A. We're not crazy about how they worked out. They were designed in essence to save players from themselves. In the past, some people would make 400+ attempts on new bosses. That's not healthy and at some point you're not measuring skill but tenacity. Yet, that's not what happened. Guilds just made alts to get around the limitations, and things like disconnects and accidents make losing an attempt really frustrating. We like gating because if nothing else it lets the community focus on more than just the final boss in the zone. If we do limited attempts again it would probably be limited to optional bosses like Algalon.
This is a quote from a recent developer chat. I'm glad they don't like limited attempts because they are probably the worst idea that has ever been introduced in WoW. What I'm really not glad about is that they are denigrating practice with their comment, "At some point you're not measuring skill but tenacity."
I've seen this a lot recently on various forums and fan sites. Most people seem to have jumped on the anti-practice bandwagon. The words "brute force" are often used when people mean to say "practice." It gives it an ugly tone, but it doesn't change the underlying facts.
Yes, top guilds, in order to earn their world-first positions, put in a lot of hours in the form of long continuous play sessions. This seems rather extreme, and I'm sure that the developer is right that it isn't terribly healthy, but they do it because it is what makes them the best. But the key is that it actually does make them the best, it doesn't just mean they lucked into that position.
Practice actually makes you better at things. Malcolm Gladwell suggests that to be a real master at something you need 10,000 hours of practice. Do you have 10,000 hours of practice playing WoW? If you type /played that would be 416 days and 16 hours. The vast majority of players don't have nearly that many hours played, but I would wager heavily that the majority of the players in world-first competing guilds do. They practice and they get good.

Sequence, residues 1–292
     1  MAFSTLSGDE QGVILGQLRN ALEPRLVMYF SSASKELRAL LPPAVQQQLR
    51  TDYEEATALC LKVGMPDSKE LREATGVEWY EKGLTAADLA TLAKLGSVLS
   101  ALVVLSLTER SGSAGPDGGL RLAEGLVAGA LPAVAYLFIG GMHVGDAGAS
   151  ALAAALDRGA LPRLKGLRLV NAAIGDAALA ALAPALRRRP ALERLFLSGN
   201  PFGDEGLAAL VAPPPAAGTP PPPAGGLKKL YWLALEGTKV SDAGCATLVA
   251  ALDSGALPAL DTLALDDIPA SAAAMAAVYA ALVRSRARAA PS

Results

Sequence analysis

And they practice new fights as well as practicing their characters. The Lich King is not roulette. If it takes 10 or 20 or 40 hours for a top guild to get through a fight it isn't because they had a 1 in 200 chance at winning each attempt and they finally hit it. They had basically no chance of winning their first attempt, and probably a pretty decent chance of winning on their winning attempt. They practiced and got better. This is how WoW works and it is also how everything else works.
There is tenacity in being the best at anything. Olympic athletes need a lot of tenacity to get to where they are, but should we insist that you can only compete in Olympic events if you promise not to spend more than 8 hours a week training for them? Eleven million people play WoW, I would bet that is significantly more than the number of people who have ever been in a four-man bobsled. If you have that many people doing something then some of them will have the tenacity to be the best and others won't.
There is no such thing as brute forcing your way through new content by putting in lots of hours. There is practicing and getting better at it until you can do it.
But for those who think that it is not a measure of skill but only a measure of their ability to dedicate the time when the boss come out, you are wrong about that too. Just like the top-tier athletes, you need to get in a lot of practice to be the best, but that doesn't mean that anyone who puts the practice in will be the best. There is natural talent and ability that factors in. Odds are if you practiced as much as the best in the world you would still not be the best.